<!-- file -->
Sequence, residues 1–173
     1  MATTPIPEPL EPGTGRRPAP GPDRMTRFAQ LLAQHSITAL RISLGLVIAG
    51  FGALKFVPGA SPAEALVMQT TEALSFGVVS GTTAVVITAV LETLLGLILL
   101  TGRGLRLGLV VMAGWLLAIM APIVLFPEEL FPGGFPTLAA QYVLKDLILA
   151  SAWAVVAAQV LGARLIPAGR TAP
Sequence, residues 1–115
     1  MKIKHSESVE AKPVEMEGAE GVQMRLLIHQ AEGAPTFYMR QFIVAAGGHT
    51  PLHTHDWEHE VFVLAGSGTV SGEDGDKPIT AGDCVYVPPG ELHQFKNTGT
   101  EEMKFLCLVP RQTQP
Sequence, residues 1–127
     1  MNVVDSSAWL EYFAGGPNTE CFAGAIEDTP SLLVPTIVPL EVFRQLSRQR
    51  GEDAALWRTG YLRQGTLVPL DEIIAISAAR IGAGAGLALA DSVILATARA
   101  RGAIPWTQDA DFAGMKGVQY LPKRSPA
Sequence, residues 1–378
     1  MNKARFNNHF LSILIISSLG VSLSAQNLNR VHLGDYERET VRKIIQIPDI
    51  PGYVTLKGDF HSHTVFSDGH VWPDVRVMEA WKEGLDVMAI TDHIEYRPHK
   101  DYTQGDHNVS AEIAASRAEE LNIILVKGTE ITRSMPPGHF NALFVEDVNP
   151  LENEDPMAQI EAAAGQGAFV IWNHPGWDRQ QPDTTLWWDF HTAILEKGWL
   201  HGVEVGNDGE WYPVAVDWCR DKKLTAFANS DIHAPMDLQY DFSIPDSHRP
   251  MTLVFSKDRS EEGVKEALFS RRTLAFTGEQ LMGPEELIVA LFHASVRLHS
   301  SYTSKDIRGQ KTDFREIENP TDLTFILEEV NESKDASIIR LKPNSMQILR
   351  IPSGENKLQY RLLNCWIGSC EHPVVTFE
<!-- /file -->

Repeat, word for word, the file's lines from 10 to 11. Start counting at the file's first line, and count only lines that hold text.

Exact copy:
Sequence, residues 1–127
     1  MNVVDSSAWL EYFAGGPNTE CFAGAIEDTP SLLVPTIVPL EVFRQLSRQR